Our work has an affinity with the sentiments expressed by Ross Goodwin (2016):
When we teach computers to write, the computers don’t replace us any more than pianos replace pianists—in a certain way, they become our pens, and we become more than writers. We become writers of writers
Michael Jordan (2018):
The idea that our era is somehow seeing the emergence of an intelligence in silicon that rivals our own entertains all of us — enthralling us and frightening us in equal measure. And, unfortunately, it distracts us
The Economist (2018)”the first step towards ensuring the fairness of the new information age is to understand that it is not data that are valuable. It is you”. This involves us in thinking critically about issues raised by deep learning approaches to observation, classification and validation (Xiaoxuan Liu et al, 2019).
And Gary Smith (2019):
Computers can do many very specific tasks much better than humans, but they do not have anything remotely resembling the wisdom, common sense, and critical thinking that humans use to deal with ill-defined situations, vague rules, and ambiguous, even contradictory, goals.
Our methods are constantly on the move. Like Monika Buscher and John Urry (2009), we are mindful of allowing ourselves to be moved by, and to move with, our partners, and aspire to be tuned into how people, objects, information and ideas move and are mobilised in interaction with others. In doing so, we aspire to examine performance up-close and employ a range of methods and resources to “generate insights from complex social spaces and practices” (Williamson, 2018), and the insights to be gained from digital learning networks (Agresta, 2019).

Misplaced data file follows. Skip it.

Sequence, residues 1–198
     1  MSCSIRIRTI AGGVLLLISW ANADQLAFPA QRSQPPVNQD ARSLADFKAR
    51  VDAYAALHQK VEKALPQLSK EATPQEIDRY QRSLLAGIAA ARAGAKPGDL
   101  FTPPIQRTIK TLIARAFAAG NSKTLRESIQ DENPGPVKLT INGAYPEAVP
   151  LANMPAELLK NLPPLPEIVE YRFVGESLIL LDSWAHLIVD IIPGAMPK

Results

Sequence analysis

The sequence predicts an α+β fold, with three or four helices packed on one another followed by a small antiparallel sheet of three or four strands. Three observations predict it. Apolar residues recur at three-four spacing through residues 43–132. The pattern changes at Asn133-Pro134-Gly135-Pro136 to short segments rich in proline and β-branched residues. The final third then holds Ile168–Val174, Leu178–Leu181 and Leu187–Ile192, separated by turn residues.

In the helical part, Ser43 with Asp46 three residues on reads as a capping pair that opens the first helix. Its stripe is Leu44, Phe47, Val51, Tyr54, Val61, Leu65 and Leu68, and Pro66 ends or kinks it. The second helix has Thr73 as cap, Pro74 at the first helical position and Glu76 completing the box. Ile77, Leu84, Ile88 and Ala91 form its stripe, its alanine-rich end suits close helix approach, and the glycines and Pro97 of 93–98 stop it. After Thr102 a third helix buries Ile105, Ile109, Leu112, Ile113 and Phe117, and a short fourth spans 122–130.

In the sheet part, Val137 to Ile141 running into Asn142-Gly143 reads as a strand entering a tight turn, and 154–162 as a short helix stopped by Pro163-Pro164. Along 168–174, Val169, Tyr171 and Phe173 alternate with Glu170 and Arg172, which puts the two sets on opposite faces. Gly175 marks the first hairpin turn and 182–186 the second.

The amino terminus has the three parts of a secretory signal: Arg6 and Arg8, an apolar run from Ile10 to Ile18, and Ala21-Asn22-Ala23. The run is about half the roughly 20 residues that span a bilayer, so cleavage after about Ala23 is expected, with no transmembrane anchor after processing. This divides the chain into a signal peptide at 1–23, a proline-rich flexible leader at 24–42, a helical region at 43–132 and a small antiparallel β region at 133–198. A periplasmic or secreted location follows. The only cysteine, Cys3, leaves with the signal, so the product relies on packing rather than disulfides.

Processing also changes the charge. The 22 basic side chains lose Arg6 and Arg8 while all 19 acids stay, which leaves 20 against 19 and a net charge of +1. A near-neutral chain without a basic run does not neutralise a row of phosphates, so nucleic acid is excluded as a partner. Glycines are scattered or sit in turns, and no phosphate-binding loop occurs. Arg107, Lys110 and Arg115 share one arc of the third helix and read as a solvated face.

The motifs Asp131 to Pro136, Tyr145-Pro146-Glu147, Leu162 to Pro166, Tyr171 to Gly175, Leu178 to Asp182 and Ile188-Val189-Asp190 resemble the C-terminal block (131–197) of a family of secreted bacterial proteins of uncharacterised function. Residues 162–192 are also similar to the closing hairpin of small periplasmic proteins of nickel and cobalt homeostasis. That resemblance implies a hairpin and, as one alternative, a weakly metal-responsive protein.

Risk, Exposure and Opportunity
The interaction of risk, exposure and opportunity is central to our work. Our qualitative approach to this interaction has been refined over two decades and, we think, provides a point of difference in our approach to the observation and analysis of performance.
A qualitative approach to risk has an important contribution to make to our intelligence augmentation conversations with our partners (Gal and Rucker, 2018). We seek to find ways to identify and manage risks that embrace an awareness of exposure and inform decision-making in a range of performance contexts. Our experience is that this awareness contributes to proactive leadership, organisational resilience and the agility to respond to opportunity.
We work with our partners to explore how to address exposure, threat and threat agents. We aim to support organisations and individuals to address a variety of performance issues to explore how we can help to protect them from exposure.
You might find this presentation of interest to discover how we use a decision tree to engage with our partners about exposure.
We have a very close relationship with the Australian Risk Policy Institute. Tony Charge, our CEO, is President of the Institute. The Institute was formed to promote and encourage greater focus on risk policy in leadership, decision-making and management across all sectors in Australia and more recently has extended its reach internationally as Convenor of the Global Risk Policy Network.
Photo by Nick Croft on Unsplash
Keith Lyons (CC BY 4.0)